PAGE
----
You need to be a member of polkingclassroom to add comments!

Join polkingclassroom

Email me when people reply –

Replies

  • “This time in treatment, either because of the stakes, the duration, or perhaps the fatigue with living the Life, I was less interested in being some kind of junior counselor than in actually digging in and doing the hard work of recovery. I was, over time, a man about my business; the business of staying sober a day at a time, no matter what.” (210) It’s clear that at this point, Carr truly want to get sober, and help others to become sober. Carr has to help his little girls, he has to help himself, he wants to, and if he wants to hard enough, works hard enough, he think he can. Carr obviously thinks of his addiction as something he wants to conquer, though he once admitted to a friend that he wasn’t sure he could. Which is one of the reasons I believe that addiction is a mix between a “disease that needs treatment” and “you could stop if you want.” Carr was stuck in a rut, knew he needed to get help, but was well-aware that he could fall back in.


    “I was a single parent from the time my girls were one until they were six. Whenever the subject comes up, people always wonder “how I did it.” I didn’t.” (256) His girls were one of the reasons Carr got sober. He needed to take care of them and he knew that getting help from centers would help him the most. Carr went to rehab because he knew he needed to.


    “Many good things happened while I was at the Reader. The next publisher, R.T., . . . engineered a deal to take us out of the horrid suburban office building we were in and bring us downtown, to the city we were trying to cover.” (309) Carr went from job to job and a lot of people were able to help him. Each time he got better and better and he just kept going.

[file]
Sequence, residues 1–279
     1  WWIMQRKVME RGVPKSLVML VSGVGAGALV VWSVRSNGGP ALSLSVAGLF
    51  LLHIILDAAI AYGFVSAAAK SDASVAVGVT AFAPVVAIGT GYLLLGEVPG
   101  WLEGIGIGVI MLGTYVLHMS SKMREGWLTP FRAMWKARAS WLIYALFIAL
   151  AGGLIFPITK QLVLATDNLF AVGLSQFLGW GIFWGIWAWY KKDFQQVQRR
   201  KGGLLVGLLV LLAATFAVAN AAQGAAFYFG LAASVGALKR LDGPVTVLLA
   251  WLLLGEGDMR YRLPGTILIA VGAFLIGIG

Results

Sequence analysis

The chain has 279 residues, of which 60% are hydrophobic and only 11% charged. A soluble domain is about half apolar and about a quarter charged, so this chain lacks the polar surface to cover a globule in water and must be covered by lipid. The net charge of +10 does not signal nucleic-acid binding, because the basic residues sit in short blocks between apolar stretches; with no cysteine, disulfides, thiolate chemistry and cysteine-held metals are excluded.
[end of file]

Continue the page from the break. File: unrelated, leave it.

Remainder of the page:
“Near Christmas of 2002, I was sitting in the smoking room back when there was such a thing, bemoaning that when I walked out after a play in New York, I took custody of a wish list form some kids whose families couldn’t afford presents.” (344) Carr did a wonderful job telling his transition from raging addict to loving father, but he also was able to tell stories of other people in the stories of himself. Carr’s story explains how rough it is, how much it sucks to know that you’ve done this to yourself and how much many addicts really do want to get clean. He had such a rough time trying, but he’s a writer, and he explained it so well.
  • We tend to be binary thinkers, and the binary with addiction tends to be either "lack of willpower, you could stop if you want" or "disease that deserves treatment." Truth, as in so many matters, likely lies somewhere along the spectrum between those binaries.

    Where on that spectrum do you feel addiction lies, and what might Carr say about this binary?
  • How does treatment affect users such as Carr and what drives them to the point of treatment?
  • How can Carr's story help those of us who don't understand what addiction does first hand?
This reply was deleted.